Chiropractic for the treatment of lower of back pain and sciatica
The National Institute for Clinical Excellence (NICE) recently published new guidelines for the treatment of lower back pain and sciatica. NICE is an organisation that provides guidance and advice to improve health and social care on a national level. These are the guidelines used by the NHS and other healthcare professionals. This guideline for the treatment of low back pain and sciatica covers everything from public health advice to surgical interventions.
The guidelines recommend a number of interventions for low back pain, including spinal manipulation and soft tissue massage techniques. Exercise and psychological therapies are also recognised as important in the treatment of lower back pain and sciatica.
What is spinal manipulation?
Let me explain in a little more detail what these treatments consist of. Spinal manipulative therapy is an umbrella term for a variety of methods and techniques available to chiropractors and other healthcare professionals. Depending on the nature of the issue, one or more of these interventions can be utilised to restore joint movement and function.
The chiropractor will observe and feel the movement of your spinal joints, looking for stiff joints. They will then apply a small thrust to a specific joint, to help improve movement there. The amount of force or movement used in the manipulation varies according to the techniques that the healthcare provider has been trained in, and how they can adapt them to your needs.
Spinal manipulation has been practiced by health practitioners for thousands of years. There are reports suggesting it’s use as far back as Egyptian times. Over the last 100 years’ chiropractors have been increasingly considered as some of the leading specialists in spinal manipulation. Although chiropractors carry out a wide range of types of treatments from massage to exercise advice, we have developed over a hundred different spinal manipulation techniques, which we refine for each person individually.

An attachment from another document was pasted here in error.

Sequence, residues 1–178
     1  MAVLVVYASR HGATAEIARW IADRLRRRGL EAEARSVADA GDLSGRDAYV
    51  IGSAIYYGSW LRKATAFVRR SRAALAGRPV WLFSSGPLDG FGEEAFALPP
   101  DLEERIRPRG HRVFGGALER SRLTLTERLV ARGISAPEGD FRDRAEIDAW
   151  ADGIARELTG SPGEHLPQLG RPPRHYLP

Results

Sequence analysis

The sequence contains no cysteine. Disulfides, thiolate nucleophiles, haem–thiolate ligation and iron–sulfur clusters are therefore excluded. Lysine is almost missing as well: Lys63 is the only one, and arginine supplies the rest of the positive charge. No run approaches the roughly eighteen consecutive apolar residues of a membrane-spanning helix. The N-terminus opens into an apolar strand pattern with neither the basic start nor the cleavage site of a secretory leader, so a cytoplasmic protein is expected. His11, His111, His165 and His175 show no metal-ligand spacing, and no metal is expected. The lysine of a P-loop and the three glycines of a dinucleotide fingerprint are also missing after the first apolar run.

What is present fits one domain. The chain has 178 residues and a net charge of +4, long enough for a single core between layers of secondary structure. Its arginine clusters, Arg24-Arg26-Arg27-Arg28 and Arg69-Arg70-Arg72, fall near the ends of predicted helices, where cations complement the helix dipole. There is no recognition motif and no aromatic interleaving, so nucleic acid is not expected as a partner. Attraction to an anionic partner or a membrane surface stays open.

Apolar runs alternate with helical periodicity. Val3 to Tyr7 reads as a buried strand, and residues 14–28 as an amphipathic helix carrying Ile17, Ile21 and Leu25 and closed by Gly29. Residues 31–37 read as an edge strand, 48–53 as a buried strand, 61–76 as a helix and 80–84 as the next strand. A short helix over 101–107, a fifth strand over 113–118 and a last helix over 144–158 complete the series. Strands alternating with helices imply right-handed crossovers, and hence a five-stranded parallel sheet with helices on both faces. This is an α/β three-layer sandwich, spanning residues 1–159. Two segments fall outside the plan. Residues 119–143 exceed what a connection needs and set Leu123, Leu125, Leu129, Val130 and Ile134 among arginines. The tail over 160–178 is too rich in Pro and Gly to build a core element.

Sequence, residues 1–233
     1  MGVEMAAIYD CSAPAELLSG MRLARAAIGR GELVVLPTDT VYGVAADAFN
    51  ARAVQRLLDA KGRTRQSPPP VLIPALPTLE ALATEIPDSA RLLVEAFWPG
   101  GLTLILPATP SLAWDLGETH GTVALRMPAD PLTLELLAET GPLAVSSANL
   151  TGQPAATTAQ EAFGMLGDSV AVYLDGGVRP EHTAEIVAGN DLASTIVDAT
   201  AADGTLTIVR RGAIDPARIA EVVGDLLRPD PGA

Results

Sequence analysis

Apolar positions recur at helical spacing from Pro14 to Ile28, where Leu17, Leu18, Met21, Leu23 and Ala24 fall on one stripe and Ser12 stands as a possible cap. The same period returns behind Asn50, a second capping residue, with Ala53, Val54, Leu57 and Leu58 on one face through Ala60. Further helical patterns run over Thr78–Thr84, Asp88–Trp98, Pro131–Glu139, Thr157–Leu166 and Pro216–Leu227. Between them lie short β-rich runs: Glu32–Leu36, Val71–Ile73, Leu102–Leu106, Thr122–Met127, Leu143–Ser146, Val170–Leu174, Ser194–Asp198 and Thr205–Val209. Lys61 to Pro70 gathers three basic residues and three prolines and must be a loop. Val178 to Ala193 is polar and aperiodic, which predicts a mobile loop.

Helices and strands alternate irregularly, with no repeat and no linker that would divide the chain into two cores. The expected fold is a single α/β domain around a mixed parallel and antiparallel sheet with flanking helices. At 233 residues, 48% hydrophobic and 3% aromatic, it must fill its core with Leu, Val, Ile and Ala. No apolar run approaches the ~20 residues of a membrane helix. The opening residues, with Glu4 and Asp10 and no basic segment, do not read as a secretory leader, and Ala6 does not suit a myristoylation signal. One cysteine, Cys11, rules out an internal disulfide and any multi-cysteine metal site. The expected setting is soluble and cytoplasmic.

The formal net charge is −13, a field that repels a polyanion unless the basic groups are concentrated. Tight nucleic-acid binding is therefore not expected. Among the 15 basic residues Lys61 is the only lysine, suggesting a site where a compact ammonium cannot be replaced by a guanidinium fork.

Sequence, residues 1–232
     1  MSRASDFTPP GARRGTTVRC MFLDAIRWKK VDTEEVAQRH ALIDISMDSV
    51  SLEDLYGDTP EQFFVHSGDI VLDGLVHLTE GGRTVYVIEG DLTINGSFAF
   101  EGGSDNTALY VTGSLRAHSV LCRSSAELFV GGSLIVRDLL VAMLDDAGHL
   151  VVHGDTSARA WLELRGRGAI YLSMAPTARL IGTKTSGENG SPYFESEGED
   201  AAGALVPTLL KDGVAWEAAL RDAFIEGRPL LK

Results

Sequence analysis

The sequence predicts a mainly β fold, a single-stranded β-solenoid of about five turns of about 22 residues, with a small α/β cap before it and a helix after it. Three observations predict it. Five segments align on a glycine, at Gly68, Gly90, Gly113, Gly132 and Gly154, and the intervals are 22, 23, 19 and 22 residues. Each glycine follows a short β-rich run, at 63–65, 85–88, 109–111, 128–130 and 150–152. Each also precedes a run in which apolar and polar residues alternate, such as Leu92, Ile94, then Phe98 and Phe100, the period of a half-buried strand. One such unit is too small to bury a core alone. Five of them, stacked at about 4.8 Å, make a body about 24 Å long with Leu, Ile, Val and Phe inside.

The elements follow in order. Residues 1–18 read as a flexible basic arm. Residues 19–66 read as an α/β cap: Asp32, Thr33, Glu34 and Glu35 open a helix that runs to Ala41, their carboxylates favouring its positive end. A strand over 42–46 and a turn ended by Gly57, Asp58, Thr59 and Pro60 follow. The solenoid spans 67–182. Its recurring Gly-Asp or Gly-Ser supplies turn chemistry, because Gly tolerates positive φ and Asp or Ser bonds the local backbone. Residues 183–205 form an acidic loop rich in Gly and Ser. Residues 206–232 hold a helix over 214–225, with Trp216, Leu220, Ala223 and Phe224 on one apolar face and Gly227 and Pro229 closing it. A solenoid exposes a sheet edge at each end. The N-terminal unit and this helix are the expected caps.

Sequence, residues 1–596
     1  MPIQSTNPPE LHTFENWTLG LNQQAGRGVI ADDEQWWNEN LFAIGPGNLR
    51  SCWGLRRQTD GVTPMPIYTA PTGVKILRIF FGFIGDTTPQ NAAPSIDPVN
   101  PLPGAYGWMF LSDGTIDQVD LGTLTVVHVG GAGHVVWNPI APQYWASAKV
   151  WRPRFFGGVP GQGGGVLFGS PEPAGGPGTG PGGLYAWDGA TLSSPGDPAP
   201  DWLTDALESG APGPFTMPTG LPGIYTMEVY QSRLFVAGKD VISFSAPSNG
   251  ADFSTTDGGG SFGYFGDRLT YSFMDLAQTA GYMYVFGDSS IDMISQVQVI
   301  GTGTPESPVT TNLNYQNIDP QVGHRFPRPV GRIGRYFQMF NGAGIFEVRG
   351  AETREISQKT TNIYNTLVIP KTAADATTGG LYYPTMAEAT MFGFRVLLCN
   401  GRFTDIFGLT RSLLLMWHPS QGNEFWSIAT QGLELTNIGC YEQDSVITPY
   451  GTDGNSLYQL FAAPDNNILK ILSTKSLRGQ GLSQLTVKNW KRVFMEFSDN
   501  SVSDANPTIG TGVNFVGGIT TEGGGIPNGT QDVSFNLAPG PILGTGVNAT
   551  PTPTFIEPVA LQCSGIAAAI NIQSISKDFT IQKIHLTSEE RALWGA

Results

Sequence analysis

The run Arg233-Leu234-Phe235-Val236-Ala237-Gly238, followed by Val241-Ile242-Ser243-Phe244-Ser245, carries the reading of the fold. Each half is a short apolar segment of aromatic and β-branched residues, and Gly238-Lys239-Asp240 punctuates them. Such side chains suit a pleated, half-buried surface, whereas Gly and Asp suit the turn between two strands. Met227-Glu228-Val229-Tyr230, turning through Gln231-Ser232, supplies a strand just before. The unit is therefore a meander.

When you see a chiropractor they often refer to the spinal manipulation as an “adjustment”. It’s worth noting as well that we are trained to adjust and treat other joints or muscles throughout the body.
In relation to spinal manipulation itself, which is one of the treatment types recommended in this NICE guideline for the treatment of lower back pain and sciatica, the only healthcare professionals in the UK to have these techniques included as part of their required degree training are chiropractors and osteopaths. If a physiotherapist or GP wants to learn how to manipulate spines they have to undergo additional postgraduate training.
Soft tissue techniques for back pain
The guidelines recommend the use of soft tissue techniques for the treatment of lower back pain and sciatica.
There’s a wide variety of soft tissue techniques that can be used to treat back pain and sciatica. I predominately use stretching and massage techniques to help reduce stiffness and tension within the muscles and connective tissue. There is nothing more satisfying than improving someone’s hip and back range of motion with well-targeted massage and stretching.
At our chiropractic clinic in Eastbourne we have a large team of chiropractors, which is great for our patients, because we often discuss severe cases and share techniques we specialise in.
Exercise and back pain
For a wide variety of people, I find that spinal manipulation and soft tissue techniques are best combined with specific therapeutic exercises, that are aimed to strengthen specific muscles and stabilise joints. Part of my assessment at Lushington Chiropractic Clinic is to identify the areas of the body that need to be strengthened and the areas that need increased mobility. This assessment helps me to develop a personalised care plan, based on the individual findings of each guest.
You may be wondering what role psychological therapies have in the treatment of lower back pain and sciatica.
What we do know, how we feel and our past experiences of pain have a big influence over our pain levels. Especially persistent pain that has been around for a long time. Our pain threshold becomes reduced. We also know that our muscles can become tense when we feel like this. One technique I use alongside the manual therapy and exercise is cognitive behavioural therapy (CBT).
Nice to hear from NICE
This was something I was pleased to hear about. Considerable thought goes into devising the treatment plans for the guests at our clinic, so it is gratifying to read that the techniques we use have been incorporated into the NICE guidelines. This reinforces our belief that the treatment packages used here in Eastbourne are of the highest standard.
If you would like to find out more about the treatments available here at Lushington Chiropractic in Eastbourne, do not hesitate to contact either myself or another member of the team.
Want to find out more about sciatica?
If you’ve enjoyed this blog and would like to find out more, then please check out one of our other blogs on Sciatica below.
By James Revell
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